Whatever format you choose, you should consider using a resume template.

A. Chronological resume format

Dominated by its work history section with jobs listed in reverse chronological order, this is the most common format and the one most easily recognized and utilized by ATSs. This format makes sense if you have a robust job history.

B. Functional resume format

This format allows you to list skills, knowledge and experience gained in the classroom as well as from campus or volunteer activities. Its extremely flexible format makes it a useful tool for recent graduates with scant on-the-job experience.

C. Hybrid resume format

A hybrid resume combines elements of the chronological and functional formats. If you’ve held multiple part-time jobs, internships or volunteer leadership roles, this format may help you stand out from your peers.

Whatever format you choose, your resume will consist of the following sections:

Heading
Your headline or header consists of your name, contact information and, in some fields, your credentials. Remember that you are the brand your resume is selling, so make your name stand out with a unique graphic treatment and a slightly larger typeface. Next, include your contact information, along with a stable link to your LinkedIn profile. Do not include your mailing address.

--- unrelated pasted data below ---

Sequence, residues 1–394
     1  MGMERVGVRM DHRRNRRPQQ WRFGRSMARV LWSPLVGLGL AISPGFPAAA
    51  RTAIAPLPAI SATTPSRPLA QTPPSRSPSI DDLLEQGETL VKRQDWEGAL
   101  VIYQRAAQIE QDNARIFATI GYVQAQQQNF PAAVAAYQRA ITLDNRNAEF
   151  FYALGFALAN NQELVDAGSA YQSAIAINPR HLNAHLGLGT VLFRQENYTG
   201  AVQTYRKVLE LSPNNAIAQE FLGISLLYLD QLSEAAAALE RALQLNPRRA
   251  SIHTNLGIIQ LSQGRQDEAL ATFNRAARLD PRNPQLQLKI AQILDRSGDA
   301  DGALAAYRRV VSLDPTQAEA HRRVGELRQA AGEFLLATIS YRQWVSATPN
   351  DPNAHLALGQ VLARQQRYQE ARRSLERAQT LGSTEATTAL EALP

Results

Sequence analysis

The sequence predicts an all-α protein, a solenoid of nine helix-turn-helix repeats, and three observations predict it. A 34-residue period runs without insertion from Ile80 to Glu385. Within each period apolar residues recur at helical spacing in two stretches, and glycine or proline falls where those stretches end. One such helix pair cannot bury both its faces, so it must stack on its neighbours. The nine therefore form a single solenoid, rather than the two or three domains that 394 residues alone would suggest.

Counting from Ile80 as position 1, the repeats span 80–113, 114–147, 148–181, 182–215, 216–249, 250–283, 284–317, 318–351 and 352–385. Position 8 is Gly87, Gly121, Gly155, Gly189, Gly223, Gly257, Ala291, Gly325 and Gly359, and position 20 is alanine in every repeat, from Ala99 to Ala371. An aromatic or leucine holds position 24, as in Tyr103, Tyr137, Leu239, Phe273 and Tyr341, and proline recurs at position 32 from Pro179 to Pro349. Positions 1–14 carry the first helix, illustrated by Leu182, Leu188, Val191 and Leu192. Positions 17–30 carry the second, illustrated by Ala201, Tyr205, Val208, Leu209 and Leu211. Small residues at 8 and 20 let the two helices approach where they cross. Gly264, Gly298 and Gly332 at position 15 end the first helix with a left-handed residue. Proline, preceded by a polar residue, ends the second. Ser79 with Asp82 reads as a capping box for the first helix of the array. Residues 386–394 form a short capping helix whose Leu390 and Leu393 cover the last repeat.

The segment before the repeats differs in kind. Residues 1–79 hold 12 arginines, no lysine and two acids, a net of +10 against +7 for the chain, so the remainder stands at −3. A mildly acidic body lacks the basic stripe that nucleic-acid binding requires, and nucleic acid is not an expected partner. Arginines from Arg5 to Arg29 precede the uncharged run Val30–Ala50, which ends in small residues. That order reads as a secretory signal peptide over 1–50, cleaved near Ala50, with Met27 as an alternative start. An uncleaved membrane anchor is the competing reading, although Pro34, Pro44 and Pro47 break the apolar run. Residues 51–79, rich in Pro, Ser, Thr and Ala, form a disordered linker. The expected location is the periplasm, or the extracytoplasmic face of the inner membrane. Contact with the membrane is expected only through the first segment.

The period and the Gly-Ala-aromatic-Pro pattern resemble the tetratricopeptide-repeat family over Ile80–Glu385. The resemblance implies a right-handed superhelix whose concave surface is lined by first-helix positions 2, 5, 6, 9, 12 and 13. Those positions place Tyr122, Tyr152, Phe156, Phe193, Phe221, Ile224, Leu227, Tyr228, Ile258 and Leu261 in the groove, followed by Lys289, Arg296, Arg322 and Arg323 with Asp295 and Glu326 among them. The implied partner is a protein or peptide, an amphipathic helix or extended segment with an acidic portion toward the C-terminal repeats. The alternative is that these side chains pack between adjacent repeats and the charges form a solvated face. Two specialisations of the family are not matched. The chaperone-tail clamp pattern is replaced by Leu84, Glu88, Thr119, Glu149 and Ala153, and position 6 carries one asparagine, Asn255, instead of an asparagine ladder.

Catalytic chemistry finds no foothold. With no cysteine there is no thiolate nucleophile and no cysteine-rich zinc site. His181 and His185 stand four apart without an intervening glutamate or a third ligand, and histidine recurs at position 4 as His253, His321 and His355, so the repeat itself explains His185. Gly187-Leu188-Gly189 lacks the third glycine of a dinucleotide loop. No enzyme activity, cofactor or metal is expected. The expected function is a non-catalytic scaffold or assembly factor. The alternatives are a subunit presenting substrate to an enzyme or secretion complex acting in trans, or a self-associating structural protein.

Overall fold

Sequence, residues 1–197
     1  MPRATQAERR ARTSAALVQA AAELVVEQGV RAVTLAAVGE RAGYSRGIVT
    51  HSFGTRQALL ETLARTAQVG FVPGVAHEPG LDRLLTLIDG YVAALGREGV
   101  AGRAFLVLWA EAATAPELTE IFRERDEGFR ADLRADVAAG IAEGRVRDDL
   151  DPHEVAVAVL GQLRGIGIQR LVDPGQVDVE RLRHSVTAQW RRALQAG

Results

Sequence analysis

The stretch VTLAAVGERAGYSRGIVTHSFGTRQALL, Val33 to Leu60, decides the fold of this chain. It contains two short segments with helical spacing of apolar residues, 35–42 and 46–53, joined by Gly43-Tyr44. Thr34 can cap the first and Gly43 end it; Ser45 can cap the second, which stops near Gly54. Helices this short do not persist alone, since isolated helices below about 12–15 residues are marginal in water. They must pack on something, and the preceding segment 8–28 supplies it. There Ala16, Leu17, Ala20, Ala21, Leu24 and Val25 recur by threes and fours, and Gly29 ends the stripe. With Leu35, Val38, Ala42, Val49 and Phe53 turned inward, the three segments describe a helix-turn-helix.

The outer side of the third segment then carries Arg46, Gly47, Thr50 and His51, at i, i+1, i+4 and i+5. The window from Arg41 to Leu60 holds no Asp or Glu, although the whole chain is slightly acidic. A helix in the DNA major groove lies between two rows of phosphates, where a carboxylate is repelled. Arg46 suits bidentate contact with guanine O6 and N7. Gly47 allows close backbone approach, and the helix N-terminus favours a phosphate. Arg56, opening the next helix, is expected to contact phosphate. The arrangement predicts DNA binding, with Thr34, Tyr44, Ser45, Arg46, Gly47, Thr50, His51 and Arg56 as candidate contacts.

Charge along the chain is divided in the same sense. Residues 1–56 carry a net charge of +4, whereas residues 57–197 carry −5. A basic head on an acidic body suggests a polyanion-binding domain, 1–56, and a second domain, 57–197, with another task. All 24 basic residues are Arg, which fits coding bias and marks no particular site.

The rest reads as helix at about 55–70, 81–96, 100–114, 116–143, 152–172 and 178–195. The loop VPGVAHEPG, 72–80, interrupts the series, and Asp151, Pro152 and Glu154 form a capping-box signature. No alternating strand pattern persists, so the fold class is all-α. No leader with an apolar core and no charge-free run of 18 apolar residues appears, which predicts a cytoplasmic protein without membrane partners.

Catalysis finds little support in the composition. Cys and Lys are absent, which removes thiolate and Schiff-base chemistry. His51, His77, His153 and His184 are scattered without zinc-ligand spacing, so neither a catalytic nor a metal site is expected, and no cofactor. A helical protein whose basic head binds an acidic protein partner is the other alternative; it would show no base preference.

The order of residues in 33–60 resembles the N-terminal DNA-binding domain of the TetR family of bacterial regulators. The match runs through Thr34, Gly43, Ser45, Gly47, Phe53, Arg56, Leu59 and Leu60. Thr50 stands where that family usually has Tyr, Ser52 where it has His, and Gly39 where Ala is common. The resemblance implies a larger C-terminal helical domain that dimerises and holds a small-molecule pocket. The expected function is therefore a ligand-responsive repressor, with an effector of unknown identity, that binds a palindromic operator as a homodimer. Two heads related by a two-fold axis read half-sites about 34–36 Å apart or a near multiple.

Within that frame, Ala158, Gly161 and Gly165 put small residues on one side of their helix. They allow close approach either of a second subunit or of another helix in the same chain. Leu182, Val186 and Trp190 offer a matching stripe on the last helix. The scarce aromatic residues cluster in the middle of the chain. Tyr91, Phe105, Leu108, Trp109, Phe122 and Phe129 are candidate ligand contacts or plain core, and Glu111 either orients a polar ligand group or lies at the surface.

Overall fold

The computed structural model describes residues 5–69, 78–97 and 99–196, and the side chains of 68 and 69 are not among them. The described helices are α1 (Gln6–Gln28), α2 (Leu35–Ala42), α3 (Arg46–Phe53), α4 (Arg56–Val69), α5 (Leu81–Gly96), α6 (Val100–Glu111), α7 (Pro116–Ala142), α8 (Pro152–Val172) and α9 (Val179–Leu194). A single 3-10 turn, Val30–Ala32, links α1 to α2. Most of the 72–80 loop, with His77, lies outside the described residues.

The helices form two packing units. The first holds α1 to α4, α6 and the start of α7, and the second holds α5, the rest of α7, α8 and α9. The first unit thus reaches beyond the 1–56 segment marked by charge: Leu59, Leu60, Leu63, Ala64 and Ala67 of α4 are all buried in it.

Professional summary
This section can be thought of as your sales pitch. Your summary should focus on what you can offer your first employer, not what you hope to gain from the experience. There are several ways to present your professional summary: as a brief narrative, as a series of descriptive titles and adjectives, or as a bullet list of accomplishments.

Skills (and accomplishments)
You may want to split this into multiple sections, such as certifications and professional skills, or by topics like administration and finance. In addition to skills gained in the classroom, remember to include volunteer and extracurricular activities.

Work history
At this stage, don’t worry about whether your work experience is relevant to your chosen field or not. Any job you’ve held, from fast food cashier to babysitter, can serve as proof of your reliability and industriousness.

Education
For most recent graduates, your education section should precede work history, particularly if your institution has a strong reputation in the field you hope to enter. Use this section to describe relevant courses and projects. If your overall GPA or that in your major is 3.0 or higher, include it.


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Live Career

Since 2005, LiveCareer's team of career coaches, certified resume writers and savvy technologists have been developing career tools that have helped over 10 million users build stronger resumes, write persuasive cover letters and develop better interview skills. Land the job you want faster using our free Resume Builder and Cover Letter Builder. Also check out our Resume Samples, which include a selection of No Experience Resume Samples that are perfect for college students.